“Jazz is the red-headed third cousin
riding a bull elephant through
your teapot-laden drawing room.”
~ Ron Averill
Jazz is not popular with everyone. Many find it too academic, difficult to understand. But let us remember that there are as many types of jazz as there are flavors of M&Ms. At least as many. Myself, I prefer pre-WWII jive (as the hepcats say): swing, Dixieland, hot jazz, ragtime… Subgenres that soothe my soul.
Which leads to the question: What’s up with early jazz at Everett Public Library? Let’s find out, shall we?
If you want to check out some early jazz, Hot Dance Bands from Okeh, 1923-1931 is an excellent starting point. The musicians featured on this album have mostly disappeared into the mists of time, the songs are not particularly well-known, but the music gives a clear idea of what was going down in the formative years of jazz. Billie Holiday adds her silky smooth voice to a musical backdrop that is clearly related to those hot dance bands but is perhaps more recognizable to modern-day listeners. And Fats Waller pumps them ivories like nobody else, providing a mesmerizing piano-centric take on early jazz.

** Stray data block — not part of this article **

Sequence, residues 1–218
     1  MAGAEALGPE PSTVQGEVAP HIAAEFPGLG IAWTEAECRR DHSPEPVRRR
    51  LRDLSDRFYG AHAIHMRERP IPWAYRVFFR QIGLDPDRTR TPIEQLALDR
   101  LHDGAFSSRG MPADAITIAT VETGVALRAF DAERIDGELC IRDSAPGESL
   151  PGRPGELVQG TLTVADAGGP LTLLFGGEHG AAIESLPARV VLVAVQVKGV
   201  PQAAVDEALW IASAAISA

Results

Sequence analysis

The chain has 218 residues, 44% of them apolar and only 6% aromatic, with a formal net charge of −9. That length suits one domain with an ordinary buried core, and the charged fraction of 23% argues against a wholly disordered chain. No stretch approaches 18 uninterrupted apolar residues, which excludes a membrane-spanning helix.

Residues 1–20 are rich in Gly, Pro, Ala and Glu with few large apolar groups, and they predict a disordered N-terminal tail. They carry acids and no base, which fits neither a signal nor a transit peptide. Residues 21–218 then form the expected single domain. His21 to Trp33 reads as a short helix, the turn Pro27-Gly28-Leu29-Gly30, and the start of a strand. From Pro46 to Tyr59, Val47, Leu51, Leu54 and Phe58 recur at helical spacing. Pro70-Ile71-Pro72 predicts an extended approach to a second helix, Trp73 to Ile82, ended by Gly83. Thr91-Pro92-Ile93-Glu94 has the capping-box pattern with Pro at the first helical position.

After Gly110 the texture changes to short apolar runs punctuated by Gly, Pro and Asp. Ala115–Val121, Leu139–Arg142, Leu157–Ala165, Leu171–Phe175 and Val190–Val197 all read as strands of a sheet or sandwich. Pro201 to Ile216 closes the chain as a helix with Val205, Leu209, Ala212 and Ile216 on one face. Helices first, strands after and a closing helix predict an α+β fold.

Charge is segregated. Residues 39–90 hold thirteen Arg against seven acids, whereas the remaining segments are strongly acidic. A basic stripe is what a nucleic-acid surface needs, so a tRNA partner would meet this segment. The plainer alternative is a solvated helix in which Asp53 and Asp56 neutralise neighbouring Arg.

And time marches on. Your Hit Parade: The Late 40s provides a hipster’s overview of those fabulous big band years. It’s an excellent starting point for the swing-curious. If it’s a chanteuse you’re wanting, you’d be hard pressed to find a better interpreter than Peggy Lee. Perhaps best known for Fever, Lee turns everything she sings into a sultry hot springs of passion and fortitude. And the ever-smooth Nat King Cole? His early work with the Nat King Cole Trio ranks up there with the best that swing has to offer.
You say you like the big band swing thing but refuse to watch black and white films or listen to music made before 1966? There are still excellent options available to you! Whether she’s belting out hits from the 30s and 40s or insinuating her way into your brain with hand-penned originals, Madeleine Peyroux is a bonafide contemporary jazz gem. Each and every album she drops is a genuine pleasure. Diana Krall, another modern-day siren, kicks it laid-back style with her sweltering contralto voice. Winner of numerous accolades and record-setting album sales, Krall can scratch that itch that Ms. Peyroux couldn’t quite reach. And finally, as we approach Christmas, the Brian Setzer Orchestra brings songs of joy and anticipation, in a swingin’ mood, straight to your pleasure center. If you’ve not heard Setzer play guitar, prepare for many notes. Many. Notes. And they’re all the right ones! One of the most fabulous purveyors of modern swing and Christmas music, check these fellas out.
So no more excuses. Buy a beret. Listen to some jazz. Maybe invest in cigars and culottes. Swing, baby, swing!